Warren Buffett at his peak also mentioned only 30% a year. That means even the brilliant Warren Buffett takes nearly 3 years to be able to double any amount. Can you do it? If not, lower your exposure level.

Continuing to examine the second example, this time the system uses 5% of the total account per order.

Example 2: Risk = 5%

Learn from the previous example, this time you cut your risk capital in half. You bear 5% of the risk. Better than the previous example, this time with a streak of 8 losses in a row, your Absolute Equity Drawdown is at $ 3017, and the Relative Drawdown drops to around 30.17%. This means that after a series of 8 consecutive losses and a 5% risk of each position, you have 2/3 of your account to continue fighting.

Not bad, especially when compared to the first person.

But not good enough, because if your losing streak is not 8 orders but 10, 12, 14, 16, or 18 orders, then you don't have any capital left. As mentioned, it is possible for a swing trader to place up to several dozen orders a week. With this example, your account will burn out in just a bad week.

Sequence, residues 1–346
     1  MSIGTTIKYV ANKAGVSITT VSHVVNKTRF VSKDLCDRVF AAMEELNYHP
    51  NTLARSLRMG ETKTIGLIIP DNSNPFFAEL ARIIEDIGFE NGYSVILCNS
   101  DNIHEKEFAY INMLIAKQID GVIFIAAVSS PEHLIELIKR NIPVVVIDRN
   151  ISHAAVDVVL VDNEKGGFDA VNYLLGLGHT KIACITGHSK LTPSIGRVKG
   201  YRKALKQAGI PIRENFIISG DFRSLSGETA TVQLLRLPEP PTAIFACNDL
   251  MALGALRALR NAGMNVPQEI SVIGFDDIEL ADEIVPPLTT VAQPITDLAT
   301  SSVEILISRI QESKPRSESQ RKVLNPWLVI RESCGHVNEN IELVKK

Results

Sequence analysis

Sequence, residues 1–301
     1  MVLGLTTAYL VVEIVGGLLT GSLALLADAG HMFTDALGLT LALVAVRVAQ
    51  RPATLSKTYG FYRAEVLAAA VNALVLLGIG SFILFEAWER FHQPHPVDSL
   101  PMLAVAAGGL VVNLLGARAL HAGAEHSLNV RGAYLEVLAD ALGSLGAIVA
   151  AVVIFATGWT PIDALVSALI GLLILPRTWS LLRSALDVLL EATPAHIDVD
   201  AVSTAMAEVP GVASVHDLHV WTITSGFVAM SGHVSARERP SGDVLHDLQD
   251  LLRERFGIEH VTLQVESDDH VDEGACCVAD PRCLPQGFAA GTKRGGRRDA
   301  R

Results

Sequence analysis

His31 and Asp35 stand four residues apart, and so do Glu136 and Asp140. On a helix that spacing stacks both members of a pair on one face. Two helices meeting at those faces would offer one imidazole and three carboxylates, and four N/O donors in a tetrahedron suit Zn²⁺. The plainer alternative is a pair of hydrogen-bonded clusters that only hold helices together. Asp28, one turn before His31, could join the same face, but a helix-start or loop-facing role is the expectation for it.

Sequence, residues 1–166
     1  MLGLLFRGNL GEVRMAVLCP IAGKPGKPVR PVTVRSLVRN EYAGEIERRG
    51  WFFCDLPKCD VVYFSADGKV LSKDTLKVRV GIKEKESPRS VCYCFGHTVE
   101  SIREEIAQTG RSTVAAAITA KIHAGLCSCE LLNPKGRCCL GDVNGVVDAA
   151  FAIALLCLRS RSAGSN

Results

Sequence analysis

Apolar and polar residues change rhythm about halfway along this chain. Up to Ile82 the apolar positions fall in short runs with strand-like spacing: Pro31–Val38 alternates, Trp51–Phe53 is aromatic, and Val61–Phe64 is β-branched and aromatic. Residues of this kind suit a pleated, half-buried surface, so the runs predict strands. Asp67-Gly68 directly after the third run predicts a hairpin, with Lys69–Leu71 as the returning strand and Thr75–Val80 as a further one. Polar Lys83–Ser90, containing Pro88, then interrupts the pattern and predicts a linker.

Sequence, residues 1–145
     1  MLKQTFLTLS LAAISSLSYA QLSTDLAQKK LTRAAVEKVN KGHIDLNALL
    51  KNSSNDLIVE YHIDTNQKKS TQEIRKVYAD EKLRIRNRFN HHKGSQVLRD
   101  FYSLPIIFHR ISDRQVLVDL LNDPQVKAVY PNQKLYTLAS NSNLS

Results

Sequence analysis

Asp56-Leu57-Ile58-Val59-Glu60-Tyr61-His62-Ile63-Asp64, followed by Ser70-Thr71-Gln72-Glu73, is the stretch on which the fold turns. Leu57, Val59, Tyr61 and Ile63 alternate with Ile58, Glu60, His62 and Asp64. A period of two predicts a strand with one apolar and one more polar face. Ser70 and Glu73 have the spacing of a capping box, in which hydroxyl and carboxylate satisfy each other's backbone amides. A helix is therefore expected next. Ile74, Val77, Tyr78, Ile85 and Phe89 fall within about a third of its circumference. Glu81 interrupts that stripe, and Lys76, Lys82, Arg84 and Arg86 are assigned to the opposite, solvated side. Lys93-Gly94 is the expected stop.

Continue to example 3. This time you follow the advice of almost all experienced traders and use only 2% of your account for each order.

Example 3: Risk = 2%

Easy to see with this example, the trader spent $ 1319, or 13.19% Equity after 8 consecutive losing orders. Most traders accept this 2% risk, as it balances losses and returns.

But see the next example.

Example 4, Risk =?

In this last example, something happened in the mentality of the trader causing him to re-plan his risk level. After a series of 8 consecutive losing orders, his account dropped only $ 538, representing 5.38% of the total account.